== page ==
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Part 2: Public schools, private rules

As the movement to create independent and innovative public schools spread across the country, Olga Block, an immigrant from the Czech Republic, wanted a more rigorous education for her daughter.

Block decided to start her own school with the help of her American husband, Michael, a Stanford-educated economist. She would combine the best of both worlds: the hands-on, slower-paced American learning environment and the rigorous European study habits Olga Block was used to back home.

“BASIS was essentially built on a mother’s love for her daughter,” said Bezanson, the BASIS.ed CEO.

Olga Block, co-founder of BASIS School in Tucson, goes over some school homework with her daughter Petra Vyborna in 1997.

The Blocks, who remain managers at BASIS.ed, declined to be interviewed.

The school opened in fall 1998, renting space at a synagogue in midtown Tucson. It was called Building Academic Success in School, or BASIS.

Today, the BASIS network runs 24 charter schools in Arizona, Texas and Washington, D.C., and seven private schools in California, New York, Virginia, and Shenzhen and Guangzhou, China. It has plans to open more schools in the U.S. and overseas in the near future.

As BASIS grew, so did its corporate structure. In 2009, Olga and Michael Block established a private limited liability company, BASIS.ed, to handle school operations. To manage the assets and equities of various private management arms that run the charter, private and international schools, the founders also established BASIS Educational Ventures.

Such complex corporate structures, also common to other large charter networks, limit risk and maximize profit, said Gary Miron, an expert in charter school finance at Western Michigan University and fellow for the National Education Policy Center.

“It’s just amazing that they are public schools,” he said, “but they are really private in so many ways.”

Reading, writing and reaping profits

Before BASIS’ multi-tiered corporate structure emerged, IRS disclosure forms showed that in 2008, Olga Block earned $197,507 as the chief executive officer of BASIS, which then had two schools and just over 1,100 students. Michael Block earned $156,362 in various roles.

That same year, the superintendent of the Tucson Unified School District, which served more than 56,000 students in more than 80 schools and programs, made just over $200,000.

Tax filings from 2007 and 2008 also show that the founders paid family for work they did for BASIS: Olga Block’s two daughters and her sister, who lives in the Czech Republic, were paid for public relations material design and accounting. Michael’s son, Robert, was paid for technology services in other years.

The founders’ relatives still occupy high-level management positions in various arms of the network. At least three of Olga and Michael Block’s children are on the BASIS payroll.

Arizona law requires all public officers on political subdivisions, boards or commissions to disclose conflicts of interest. It also says public officers should refrain from voting on or participating in any contract, sale, purchase or service from a relative.

The Arizona attorney general’s office said it believes the law applies to charter school officials and board members, but referred to the Arizona State Board for Charter Schools for enforcement of the law. The charter board said it does not keep track of conflict-of-interest disclosures.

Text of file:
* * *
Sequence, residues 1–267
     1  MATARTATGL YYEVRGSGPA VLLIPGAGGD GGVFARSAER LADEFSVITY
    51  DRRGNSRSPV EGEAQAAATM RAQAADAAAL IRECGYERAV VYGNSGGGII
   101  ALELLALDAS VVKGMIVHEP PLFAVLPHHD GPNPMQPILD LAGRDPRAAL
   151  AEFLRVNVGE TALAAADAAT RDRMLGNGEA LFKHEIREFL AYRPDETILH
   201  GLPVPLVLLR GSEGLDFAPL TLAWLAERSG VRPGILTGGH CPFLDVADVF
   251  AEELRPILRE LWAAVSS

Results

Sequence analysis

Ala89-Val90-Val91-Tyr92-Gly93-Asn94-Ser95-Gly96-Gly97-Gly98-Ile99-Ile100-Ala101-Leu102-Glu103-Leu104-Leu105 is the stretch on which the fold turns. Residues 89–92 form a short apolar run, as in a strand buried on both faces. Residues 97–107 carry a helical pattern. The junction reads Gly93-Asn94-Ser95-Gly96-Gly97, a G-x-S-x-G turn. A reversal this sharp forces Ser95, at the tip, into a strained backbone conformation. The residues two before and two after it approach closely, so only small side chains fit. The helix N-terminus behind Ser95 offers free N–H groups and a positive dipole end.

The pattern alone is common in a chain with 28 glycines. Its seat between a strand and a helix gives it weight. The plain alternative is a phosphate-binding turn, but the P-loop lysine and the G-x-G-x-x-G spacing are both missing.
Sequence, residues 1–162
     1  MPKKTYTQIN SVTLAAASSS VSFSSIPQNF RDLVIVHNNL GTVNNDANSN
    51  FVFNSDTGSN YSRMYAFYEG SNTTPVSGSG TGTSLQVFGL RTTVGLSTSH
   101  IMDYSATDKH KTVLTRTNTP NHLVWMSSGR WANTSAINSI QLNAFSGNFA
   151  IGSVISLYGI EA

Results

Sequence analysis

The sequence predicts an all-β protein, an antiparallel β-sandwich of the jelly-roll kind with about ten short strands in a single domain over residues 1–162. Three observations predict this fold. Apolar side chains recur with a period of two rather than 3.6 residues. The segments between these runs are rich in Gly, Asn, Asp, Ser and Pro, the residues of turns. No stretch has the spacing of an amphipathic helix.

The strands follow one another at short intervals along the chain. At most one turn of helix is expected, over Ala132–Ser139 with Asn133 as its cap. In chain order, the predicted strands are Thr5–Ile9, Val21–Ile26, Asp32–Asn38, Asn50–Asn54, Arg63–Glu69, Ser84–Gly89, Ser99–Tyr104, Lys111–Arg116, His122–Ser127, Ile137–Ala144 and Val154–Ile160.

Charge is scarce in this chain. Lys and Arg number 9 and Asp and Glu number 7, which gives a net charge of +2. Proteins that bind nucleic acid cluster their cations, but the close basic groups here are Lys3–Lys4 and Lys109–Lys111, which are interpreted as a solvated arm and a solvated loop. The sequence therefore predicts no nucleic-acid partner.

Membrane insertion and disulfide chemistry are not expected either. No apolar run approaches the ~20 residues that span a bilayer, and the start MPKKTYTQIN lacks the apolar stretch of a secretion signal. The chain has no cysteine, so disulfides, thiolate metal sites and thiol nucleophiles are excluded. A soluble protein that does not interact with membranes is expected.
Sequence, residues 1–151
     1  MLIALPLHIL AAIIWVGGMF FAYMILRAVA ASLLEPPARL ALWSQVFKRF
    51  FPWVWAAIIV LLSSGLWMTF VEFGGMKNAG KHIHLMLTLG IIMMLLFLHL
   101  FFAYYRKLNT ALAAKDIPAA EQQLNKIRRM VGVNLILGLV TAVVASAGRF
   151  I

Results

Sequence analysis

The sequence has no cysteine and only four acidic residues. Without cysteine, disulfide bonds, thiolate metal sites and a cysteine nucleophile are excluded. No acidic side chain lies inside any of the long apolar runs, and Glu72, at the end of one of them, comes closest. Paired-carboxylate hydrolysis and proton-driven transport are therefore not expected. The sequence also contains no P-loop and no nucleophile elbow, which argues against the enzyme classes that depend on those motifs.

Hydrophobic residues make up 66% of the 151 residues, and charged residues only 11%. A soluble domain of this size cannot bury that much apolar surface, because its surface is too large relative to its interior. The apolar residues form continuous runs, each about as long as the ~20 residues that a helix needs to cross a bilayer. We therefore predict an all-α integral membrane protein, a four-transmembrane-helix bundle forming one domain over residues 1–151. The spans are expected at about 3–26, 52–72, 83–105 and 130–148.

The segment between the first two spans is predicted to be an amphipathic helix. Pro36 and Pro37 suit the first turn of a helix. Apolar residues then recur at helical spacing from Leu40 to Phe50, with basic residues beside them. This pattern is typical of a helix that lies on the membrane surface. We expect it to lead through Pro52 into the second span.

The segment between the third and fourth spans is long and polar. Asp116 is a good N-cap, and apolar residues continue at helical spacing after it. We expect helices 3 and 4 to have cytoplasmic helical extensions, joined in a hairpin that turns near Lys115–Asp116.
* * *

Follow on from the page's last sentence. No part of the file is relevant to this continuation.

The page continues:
Peter Bezanson, CEO of BASIS Education.

“I think it’s fairly common for family-owned businesses to employ family members,” said Bezanson, BASIS.ed’s CEO.

BASIS.ed provides everything that’s required to run a school – from supplying teachers to buying textbooks on a contract basis, he said. The difference between BASIS.ed and the nonprofit charter holder, BASIS Schools Inc., he added, is that BASIS.ed is private, which allows it to efficiently manage schools in different states.

Once BASIS transitioned to private management in 2009, few details about its schools’ finances remained public. Filings instead show millions in lump sums for management fees and leased employees, including teachers, all addressed to Michael Block, who until 2015 was a BASIS charter board member.

For the 2014 tax year, the most recent tax filing publicly available, the nonprofit housing the network’s charter schools paid BASIS.ed $15.6 million in management fees and an additional $44.3 million for salaries and benefits. In exchange for the fees, BASIS.ed says it handles tasks such as hiring administrators and teachers and buying school supplies.

A 2016 U.S. Department of Education inspector general’s report raised the alarm about charter schools using private management, saying it limits accountability.

But Bezanson said that the structure allows BASIS to run its schools more efficiently and that the BASIS charter school expansion is “wholly separate and not commingled with anything having to do with the expansion of the international or independent schools.”

Bezanson would not provide information about executives’ salaries, saying it’s a private company.

On average, BASIS paid about $3.3 million annually per school to BASIS.ed for salaries and management between fiscal years 2008 and 2014, according to tax filings. In comparison, the average total budget for a school in the Tucson Unified School District for the 2014-15 school year was about $2.5 million.

In tax filings, the fees to BASIS.ed are listed under transactions with related parties – something the Education Department’s inspector general’s report called a red flag because it could mean weak internal controls, alongside conflicts of interest and insufficient division of duties.

As it stands, though, the Department of Education does not have an adequate way to monitor charter management companies to identify and address potential risks, the report concluded.